GREENSBORO, N.C. — As coronavirus continues to spread in our state, doctors see an increase in cases of more contagious variants and a rise in hospitalizations.
To fight the pandemic, health experts continue to push vaccinations. We talked to 2 Your Well-Being health expert Dr. Brent McQuaid, Cone Health COVID-19 Lead Physician, about the importance of getting vaccinated.
Dr. McQuaid said the COVID-19 vaccine is very safe and effective. And with the spread of the incredibly infectious delta variant, getting more of the population protected with immunity from the vaccine can help control its spread. Dr. McQuaid said the majority of patients he sees being hospitalized with COVID-19 are unvaccinated. He said getting the shot can help keep you out of the ICU. Even if you've had COVID-19, Dr. McQuaid said it's still important to get the vaccine to boost your immunity and protect you from contracting the virus again.
If you're already vaccinated, Dr. McQuaid said there are still things you need to do in order to keep others in your community safe. He said wearing a mask and social distancing are important even if you're vaccinated. Dr. McQuaid said coronavirus can spread between vaccinated individuals, so even if the vaccinated person won't have as severe of symptoms, they could pass it on to someone who does.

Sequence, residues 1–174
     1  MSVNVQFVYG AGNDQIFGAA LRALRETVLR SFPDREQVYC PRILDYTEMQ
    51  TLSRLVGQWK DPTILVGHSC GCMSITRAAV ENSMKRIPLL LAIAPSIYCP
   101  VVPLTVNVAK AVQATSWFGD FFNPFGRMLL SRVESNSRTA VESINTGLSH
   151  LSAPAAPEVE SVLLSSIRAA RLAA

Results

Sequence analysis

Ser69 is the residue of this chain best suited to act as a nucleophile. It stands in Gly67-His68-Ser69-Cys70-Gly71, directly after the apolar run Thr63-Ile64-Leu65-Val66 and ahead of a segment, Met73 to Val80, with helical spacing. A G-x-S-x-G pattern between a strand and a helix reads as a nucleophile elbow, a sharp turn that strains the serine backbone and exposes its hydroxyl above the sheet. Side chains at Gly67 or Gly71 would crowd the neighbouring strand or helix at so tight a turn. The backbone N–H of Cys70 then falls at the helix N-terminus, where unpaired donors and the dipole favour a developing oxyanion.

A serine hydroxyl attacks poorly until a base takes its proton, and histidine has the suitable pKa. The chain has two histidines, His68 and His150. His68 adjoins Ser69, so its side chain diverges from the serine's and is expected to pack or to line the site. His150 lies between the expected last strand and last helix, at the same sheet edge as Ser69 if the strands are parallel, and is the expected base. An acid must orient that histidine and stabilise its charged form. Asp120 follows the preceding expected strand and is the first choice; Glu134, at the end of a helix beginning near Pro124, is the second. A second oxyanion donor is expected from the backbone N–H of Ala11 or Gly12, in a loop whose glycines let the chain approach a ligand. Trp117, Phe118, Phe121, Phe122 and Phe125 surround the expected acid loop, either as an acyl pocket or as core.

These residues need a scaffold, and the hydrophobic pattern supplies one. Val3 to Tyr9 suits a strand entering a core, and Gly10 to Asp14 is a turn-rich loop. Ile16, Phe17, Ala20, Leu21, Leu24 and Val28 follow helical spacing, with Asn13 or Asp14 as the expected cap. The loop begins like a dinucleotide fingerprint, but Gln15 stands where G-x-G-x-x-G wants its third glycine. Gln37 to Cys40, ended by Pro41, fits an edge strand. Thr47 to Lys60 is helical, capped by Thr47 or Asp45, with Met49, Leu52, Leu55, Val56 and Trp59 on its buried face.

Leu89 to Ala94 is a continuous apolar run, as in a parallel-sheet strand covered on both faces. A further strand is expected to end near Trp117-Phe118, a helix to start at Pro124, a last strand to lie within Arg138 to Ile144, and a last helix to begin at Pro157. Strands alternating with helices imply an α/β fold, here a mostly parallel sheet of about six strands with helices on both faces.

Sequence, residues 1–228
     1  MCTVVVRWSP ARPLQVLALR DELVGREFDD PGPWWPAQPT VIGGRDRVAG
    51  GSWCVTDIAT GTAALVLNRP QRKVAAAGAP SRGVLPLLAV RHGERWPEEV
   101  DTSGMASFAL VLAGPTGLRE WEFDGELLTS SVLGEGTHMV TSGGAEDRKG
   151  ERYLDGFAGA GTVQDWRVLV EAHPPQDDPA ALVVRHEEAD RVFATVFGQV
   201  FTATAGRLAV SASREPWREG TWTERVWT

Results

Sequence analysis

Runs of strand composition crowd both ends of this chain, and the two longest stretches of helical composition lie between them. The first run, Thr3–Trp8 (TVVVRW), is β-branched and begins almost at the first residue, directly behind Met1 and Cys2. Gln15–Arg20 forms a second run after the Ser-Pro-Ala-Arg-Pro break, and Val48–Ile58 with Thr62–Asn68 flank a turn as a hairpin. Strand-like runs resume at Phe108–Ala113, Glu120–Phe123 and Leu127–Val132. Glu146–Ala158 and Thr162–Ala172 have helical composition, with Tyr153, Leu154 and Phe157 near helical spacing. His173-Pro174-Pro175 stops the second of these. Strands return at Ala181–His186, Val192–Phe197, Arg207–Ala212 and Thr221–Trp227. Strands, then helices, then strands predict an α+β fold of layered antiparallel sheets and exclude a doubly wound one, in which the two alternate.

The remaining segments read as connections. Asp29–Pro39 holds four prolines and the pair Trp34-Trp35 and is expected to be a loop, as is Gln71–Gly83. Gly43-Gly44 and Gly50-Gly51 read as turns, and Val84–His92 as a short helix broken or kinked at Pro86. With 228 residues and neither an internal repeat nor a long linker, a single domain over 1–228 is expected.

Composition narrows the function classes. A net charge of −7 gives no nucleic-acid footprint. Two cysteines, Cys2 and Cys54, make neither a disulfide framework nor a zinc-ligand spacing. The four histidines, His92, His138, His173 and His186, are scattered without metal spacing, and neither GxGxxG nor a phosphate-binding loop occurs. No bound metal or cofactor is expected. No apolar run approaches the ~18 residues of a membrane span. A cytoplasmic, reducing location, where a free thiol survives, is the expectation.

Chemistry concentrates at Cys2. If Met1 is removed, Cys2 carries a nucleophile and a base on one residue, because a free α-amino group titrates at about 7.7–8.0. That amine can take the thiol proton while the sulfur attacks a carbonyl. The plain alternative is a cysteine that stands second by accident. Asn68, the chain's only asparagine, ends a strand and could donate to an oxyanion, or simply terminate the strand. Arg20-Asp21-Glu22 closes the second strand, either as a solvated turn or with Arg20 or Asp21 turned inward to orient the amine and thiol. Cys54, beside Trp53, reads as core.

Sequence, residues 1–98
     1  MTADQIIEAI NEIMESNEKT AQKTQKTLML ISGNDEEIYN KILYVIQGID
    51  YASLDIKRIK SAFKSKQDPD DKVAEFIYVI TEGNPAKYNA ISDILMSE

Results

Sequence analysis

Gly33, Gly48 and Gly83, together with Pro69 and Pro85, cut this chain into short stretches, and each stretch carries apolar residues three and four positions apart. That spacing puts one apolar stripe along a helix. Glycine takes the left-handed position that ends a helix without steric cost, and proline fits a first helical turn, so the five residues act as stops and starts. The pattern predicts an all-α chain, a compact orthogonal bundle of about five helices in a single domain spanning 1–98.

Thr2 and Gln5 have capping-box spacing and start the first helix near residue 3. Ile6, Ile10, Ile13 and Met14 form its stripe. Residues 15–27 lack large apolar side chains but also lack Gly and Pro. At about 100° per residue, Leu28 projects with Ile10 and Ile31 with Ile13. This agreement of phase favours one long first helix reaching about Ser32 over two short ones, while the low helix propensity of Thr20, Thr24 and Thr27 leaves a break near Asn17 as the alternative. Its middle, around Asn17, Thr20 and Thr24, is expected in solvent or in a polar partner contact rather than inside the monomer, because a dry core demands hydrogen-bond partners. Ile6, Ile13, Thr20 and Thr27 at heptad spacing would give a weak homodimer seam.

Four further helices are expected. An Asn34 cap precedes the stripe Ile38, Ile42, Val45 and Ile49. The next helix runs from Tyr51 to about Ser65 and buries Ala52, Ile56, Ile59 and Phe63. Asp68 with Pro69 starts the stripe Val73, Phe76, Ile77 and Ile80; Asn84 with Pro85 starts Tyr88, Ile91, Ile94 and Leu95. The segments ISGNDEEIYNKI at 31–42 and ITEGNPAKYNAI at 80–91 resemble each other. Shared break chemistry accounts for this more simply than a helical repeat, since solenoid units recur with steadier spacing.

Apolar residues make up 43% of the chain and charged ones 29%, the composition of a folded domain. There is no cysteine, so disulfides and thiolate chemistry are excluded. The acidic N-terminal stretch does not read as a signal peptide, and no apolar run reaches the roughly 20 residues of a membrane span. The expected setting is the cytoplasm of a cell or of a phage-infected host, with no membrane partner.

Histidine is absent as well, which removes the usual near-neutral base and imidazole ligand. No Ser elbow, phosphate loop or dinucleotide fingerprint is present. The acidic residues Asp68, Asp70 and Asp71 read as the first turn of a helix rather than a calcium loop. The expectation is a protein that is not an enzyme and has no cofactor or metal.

Mild, cold-like symptoms among vaccinated people are part of the reason why Dr. McQuaid said testing is important. Getting tested just lets you know when you're infected, so you can take the proper precautions to stop the spread, Dr. McQuaid said. But when should you get tested? Dr. McQuad said if you have a cold of any type, get a test.
If you do test positive, Dr. McQuaid said as long as you have very mild symptoms, you don't need to go to the doctor or emergency room. But, if you have any medical conditions like being overweight, high blood pressure, heart disease or diabetes, or you're an older adult, Dr. McQuaid says you should talk to your doctor about receiving treatment. If you're short of breath, or your oxygen levels drop, or your symptoms are so bad you cannot take care of yourself, Dr. McQuaid says then it's time to go to the emergency room.
For families with young children under the age of 12 who are not yet eligible for a COVID-19 shot, Dr. McQuaid said you should encourage them to wear masks and practice social distancing and good hand hygiene. Again, if your child is sick or exposed to COVID-19, monitor them for symptoms and get them tested.